For every bill that's passed to protect women’s sports from being infiltrated by transgendered women, it seems like there is a sports team that will use its influence to promote the LGTBQIA+ agenda.
The Syracuse Crunch, the American Hockey League (AHL) affiliate of the Tampa Bay Lightning, hosted their annual pride night this past weekend in which the team wore rainbow-themed jerseys for the game while also selling a variety of pride-themed merchandise.
Furthermore, a young man by the name of Tyler Johnson, who came out as gay in 2019 and currently works “to ensure the LGBTQ+ community has equal opportunities and feels comfortable and accepted in any environment,” performed the ceremonial puck drop before the game started (the Crunch beat the Laval Rocket 5-1).
Related: Louisiana Passes Bill To Protect Women's Sports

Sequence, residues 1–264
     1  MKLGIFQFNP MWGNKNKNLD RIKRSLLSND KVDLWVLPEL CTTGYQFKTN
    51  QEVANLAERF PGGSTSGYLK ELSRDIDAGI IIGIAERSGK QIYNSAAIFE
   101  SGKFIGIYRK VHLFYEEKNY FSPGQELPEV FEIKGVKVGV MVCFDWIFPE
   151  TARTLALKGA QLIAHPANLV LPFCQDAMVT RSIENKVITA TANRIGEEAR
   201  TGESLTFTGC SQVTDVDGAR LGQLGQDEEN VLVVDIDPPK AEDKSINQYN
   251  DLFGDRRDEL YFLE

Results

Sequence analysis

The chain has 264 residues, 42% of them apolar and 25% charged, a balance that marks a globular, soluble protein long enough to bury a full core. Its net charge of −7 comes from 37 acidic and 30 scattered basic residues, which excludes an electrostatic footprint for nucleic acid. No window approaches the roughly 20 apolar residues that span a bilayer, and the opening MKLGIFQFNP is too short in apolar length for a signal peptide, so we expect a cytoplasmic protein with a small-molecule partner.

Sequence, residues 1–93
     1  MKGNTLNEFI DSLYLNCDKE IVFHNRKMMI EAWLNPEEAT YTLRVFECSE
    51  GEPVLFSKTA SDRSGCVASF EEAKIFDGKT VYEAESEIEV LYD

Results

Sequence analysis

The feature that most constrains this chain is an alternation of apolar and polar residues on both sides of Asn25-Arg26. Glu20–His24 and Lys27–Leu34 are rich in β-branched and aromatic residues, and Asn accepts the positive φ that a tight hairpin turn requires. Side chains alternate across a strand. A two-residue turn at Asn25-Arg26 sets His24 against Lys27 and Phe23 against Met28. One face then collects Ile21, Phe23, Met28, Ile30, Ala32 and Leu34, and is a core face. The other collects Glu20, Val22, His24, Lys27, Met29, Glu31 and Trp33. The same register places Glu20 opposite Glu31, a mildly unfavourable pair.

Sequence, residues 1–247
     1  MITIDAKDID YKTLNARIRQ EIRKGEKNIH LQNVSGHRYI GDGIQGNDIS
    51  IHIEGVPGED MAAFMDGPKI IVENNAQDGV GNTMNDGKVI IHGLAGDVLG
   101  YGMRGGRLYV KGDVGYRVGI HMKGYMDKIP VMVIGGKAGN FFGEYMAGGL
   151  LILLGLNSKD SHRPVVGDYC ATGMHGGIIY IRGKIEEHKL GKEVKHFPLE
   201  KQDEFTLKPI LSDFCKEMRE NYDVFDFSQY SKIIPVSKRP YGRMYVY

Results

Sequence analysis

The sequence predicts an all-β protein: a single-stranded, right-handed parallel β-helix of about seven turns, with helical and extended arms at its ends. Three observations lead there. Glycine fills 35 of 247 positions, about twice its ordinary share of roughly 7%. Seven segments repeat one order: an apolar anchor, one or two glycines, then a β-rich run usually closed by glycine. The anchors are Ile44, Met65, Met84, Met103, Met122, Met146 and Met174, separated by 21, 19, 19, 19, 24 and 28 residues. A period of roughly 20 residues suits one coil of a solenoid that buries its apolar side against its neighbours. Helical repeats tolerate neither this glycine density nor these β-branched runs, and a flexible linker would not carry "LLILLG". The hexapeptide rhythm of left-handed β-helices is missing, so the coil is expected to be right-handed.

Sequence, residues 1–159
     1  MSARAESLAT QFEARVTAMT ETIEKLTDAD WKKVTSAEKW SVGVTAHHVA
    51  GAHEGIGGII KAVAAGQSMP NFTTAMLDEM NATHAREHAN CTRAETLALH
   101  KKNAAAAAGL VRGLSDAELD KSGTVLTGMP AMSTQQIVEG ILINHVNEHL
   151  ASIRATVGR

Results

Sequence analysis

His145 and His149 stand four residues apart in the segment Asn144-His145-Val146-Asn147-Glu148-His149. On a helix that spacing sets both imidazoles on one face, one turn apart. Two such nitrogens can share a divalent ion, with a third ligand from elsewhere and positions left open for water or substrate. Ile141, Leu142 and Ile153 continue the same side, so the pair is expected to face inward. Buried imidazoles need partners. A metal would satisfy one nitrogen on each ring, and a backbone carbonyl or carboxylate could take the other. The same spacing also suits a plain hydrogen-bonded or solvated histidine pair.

Hooray for social justice and inclusivity, since we all know that’s what makes this country and world better!
Or does it?
Members of the LGTBQIA+ community consistently say that all they want is to be accepted for who they are and be given chances to operate as equal members of society. But oftentimes, that’s not really the end goal of a majority of people in this demographic.
Frequently, the end goal is to make people completely bow down to their ideology and to ridicule people who dare to disagree with it even at a basic level. “Feeling comfortable and accepted in any environment” usually means having complete power over the thoughts and attitudes of those around them, almost to the point where anyone who does not identify with as LGTBQIA+ is viewed as a person whose heart and mind are filled with hatred and bigotry. Just look at our educational system for another example of how this plays out!
Why are we using our sports teams to promote his ideology?
In reality, we shouldn’t be, not at the minor league hockey level or anywhere else in sports.
VIDEO: The media and the far-left insist that it's necessary to be able to give kids "care" like puberty blockers.— MRCTV (@mrctv) April 22, 2022
So we hit the streets to see what real Americans thought about it. pic.twitter.com/Bhg4cOvq2L